Grace Hall delivered on all the promise held for her, and did so emphatically, with her dominating score in the Gulfstream Oaks. Grace Hall improved leaps and bounds off her first start this year, and if there is a more worthy favorite for the Kentucky Oaks, I don’t know who she is, and that includes Princess Arabella. But even though she finished a soundly beaten second this time, I believe the relatively inexperienced Zo Impressive will make some major noise down the road.

You have to give a world of credit to trainer Pat Byrne and the other people behind Take Charge Indy, because they have the guts of a burglar. Take Charge Indy was supposed to make his 3-year-old debut in the Tampa Bay Derby and then have his final Kentucky Derby prep in the Illinois Derby. But he was scratched from the Tampa Bay Derby, a race he easily could have won, ostensibly because of a bad post position, and was pointed instead to the Florida Derby. That meant Take Charge Indy couldn’t have two Kentucky Derby stakes preps, only one, and it would have to be in the much tougher Florida Derby, and this would all happen while Take Charge Indy was in dire need of graded earnings to secure a starting spot at Churchill Downs. Yet, they pulled it off! Take Charge Indy engineered the front-running Florida Derby upset.

As for Union Rags, I admit, I preferred him Saturday, but I thought 2-5 was ridiculously overboard on him. I also have to admit, I wasn’t crazy about the ride he got. I thought it was patient to a fault and left him with too much to do late. That said, I go hot and cold on Union Rags, and I had the same feeling about him after the Florida Derby as I did right after he narrowly lost the Breeders’ Cup Juvenile to Hansen: I expected more if he was really the horse I thought he was. And El Padrino, who was considered the main threat to Union Rags Saturday, did get caught three wide on the first turn, but he simply wasn’t good enough.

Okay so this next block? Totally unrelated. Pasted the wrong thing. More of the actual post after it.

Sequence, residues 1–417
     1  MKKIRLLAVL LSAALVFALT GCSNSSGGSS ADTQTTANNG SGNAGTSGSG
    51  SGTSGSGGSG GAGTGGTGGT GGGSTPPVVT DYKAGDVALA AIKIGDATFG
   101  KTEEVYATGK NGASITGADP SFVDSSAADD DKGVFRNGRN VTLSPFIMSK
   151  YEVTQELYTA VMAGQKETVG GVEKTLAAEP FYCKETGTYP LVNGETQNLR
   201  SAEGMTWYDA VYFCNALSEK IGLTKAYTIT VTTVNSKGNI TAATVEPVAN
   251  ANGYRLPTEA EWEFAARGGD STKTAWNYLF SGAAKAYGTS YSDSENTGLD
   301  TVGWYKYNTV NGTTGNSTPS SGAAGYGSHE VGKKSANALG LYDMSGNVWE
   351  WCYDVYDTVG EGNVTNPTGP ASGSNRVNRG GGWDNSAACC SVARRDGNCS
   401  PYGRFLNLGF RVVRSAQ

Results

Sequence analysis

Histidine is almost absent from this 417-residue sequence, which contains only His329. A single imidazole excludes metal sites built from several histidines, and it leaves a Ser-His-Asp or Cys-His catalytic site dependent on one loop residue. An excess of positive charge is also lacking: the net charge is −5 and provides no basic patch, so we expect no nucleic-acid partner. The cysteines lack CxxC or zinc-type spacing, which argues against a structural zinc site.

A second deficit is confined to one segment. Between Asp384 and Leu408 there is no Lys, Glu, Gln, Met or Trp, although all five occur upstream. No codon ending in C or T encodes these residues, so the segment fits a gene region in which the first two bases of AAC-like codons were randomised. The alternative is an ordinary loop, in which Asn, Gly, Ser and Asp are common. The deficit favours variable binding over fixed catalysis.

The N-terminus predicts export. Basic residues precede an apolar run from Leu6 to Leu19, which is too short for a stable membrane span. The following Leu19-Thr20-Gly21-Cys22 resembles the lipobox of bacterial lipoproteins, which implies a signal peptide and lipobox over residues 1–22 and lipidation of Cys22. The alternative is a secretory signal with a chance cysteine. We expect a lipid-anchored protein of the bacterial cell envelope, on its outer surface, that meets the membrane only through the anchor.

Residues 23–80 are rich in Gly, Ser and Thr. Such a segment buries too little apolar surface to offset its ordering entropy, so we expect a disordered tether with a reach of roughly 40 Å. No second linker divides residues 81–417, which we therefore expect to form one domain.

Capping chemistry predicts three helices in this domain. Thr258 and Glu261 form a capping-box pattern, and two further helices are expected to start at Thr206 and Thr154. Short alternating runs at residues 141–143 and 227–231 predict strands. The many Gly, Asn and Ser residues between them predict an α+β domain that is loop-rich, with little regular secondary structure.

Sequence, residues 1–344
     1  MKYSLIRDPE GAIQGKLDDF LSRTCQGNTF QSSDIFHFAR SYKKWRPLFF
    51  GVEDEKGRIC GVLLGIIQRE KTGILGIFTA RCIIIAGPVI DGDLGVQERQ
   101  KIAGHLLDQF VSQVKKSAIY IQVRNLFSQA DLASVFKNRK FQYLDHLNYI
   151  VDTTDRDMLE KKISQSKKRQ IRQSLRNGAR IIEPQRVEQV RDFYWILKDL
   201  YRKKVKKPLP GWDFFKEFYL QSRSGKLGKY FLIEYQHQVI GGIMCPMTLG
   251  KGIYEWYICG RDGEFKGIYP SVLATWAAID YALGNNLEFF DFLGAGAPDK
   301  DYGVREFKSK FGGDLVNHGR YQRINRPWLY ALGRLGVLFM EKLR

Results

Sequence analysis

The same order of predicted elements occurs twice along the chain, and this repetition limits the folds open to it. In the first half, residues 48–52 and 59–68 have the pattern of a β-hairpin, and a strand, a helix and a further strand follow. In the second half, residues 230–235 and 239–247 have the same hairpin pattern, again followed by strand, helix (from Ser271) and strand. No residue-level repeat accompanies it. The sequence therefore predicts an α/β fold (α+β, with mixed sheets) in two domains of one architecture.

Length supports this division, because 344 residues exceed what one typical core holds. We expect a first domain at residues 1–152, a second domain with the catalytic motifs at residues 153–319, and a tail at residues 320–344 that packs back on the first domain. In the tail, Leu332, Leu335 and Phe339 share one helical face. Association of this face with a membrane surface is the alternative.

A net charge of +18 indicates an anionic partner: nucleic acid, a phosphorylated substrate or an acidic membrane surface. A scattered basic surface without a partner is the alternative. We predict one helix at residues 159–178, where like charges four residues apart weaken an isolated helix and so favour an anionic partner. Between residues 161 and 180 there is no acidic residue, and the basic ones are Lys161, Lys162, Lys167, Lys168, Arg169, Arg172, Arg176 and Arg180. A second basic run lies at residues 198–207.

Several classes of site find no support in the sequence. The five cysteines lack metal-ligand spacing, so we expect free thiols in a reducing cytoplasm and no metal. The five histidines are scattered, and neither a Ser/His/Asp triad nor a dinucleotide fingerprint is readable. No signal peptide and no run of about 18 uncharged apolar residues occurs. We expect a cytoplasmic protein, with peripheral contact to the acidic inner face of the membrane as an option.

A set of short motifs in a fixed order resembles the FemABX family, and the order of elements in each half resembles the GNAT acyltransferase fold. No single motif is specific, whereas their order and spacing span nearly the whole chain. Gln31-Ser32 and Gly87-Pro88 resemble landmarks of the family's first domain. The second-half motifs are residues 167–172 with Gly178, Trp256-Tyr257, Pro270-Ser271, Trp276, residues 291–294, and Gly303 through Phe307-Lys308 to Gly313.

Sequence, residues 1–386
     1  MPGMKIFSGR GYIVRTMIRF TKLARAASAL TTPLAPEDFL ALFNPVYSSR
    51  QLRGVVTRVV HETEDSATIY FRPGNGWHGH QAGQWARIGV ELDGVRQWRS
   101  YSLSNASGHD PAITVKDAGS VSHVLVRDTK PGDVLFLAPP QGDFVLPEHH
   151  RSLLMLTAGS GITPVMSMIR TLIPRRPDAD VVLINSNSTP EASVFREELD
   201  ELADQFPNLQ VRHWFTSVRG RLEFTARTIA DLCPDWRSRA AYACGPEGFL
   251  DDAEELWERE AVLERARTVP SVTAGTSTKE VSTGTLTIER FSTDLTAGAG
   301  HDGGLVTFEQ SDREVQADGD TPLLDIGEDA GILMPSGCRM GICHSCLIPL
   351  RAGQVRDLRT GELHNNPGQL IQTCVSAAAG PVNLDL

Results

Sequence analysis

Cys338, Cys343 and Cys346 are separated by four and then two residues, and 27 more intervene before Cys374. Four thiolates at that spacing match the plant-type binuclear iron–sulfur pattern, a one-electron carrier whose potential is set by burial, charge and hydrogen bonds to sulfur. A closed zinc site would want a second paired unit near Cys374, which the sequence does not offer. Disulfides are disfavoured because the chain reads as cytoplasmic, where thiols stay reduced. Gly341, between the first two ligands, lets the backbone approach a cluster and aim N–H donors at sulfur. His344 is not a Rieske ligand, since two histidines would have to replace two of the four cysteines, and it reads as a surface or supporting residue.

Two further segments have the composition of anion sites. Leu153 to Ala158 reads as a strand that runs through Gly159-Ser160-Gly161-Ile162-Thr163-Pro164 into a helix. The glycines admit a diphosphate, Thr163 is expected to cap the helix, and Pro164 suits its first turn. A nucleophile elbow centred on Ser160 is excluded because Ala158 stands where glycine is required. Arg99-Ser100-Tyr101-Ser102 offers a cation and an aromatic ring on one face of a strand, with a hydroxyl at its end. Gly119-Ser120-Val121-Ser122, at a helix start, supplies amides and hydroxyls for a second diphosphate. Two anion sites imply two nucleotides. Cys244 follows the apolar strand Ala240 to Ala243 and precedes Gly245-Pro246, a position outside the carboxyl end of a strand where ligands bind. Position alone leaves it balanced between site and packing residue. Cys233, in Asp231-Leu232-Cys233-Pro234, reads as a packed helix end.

I’ll be back either late tomorrow or first thing Monday with some thoughts on the big races Sunday at Fair Grounds. See you then.

UPDATE, Sunday, 6:43 pm - What a claim Nates Mineshaft would have been for $25,000 in late December, and out of a non-winners of three lifetime race, to boot. After he won that one, he won an optional claimer from which he could have been taken for $40,000, he upset the Grade 3 Mineshaft Handicap, and then on Sunday, he obliterated the last two Louisiana Derby and others winners in a blowout score in the $400,000 New Orleans Handicap. And what struck me about Nates Mineshaft’s performance was, he didn’t walk on the lead like he did in the Mineshaft ‘cap, he set a very decent pace. Meanwhile, there is no real excuse for distant runner up and beaten favorite (and 2010 Louisiana Derby winner) Mission Impazible. The only think I could say is, although he has run well on occasion rating off the pace, which the approach he used again Sunday, I think Mission Impazible is really most effective when he is right on the pace.

Late on the far turn of the Louisiana Derby, I was all set to hand out kudos to Mark Valeski and Cigar Street. As expected, they were farther off the pace Sunday than each was in their only prior route starts, and yet it looked as though they were handling this new and different experience with aplomb. In fact, late on the far turn, it looked like there wasn’t any way that Mark Valeski and Cigar Street weren’t going to finish one-two in the Louisiana Derby, in whatever order. But Cigar Street flagged in mid stretch, and Mark Valeski never could quite get to Hero of Order, who prevailed at a wild 109-1, and who isn’t even nominated to the Triple Crown.

El Padrino and Mark Valeski were a nose apart in last month’s Risen Star, Fair Grounds’s prep for the Louisiana Derby. But El Padrino’s disappointing fourth in the Florida Derby, combined with Mark Valeski being unable to overtake the Louisiana Derby’s rank outsider in the betting, all but confirms that the Risen Star form was soft. You need a strong imagination to think that the form of the Louisiana Derby will prove to be any better.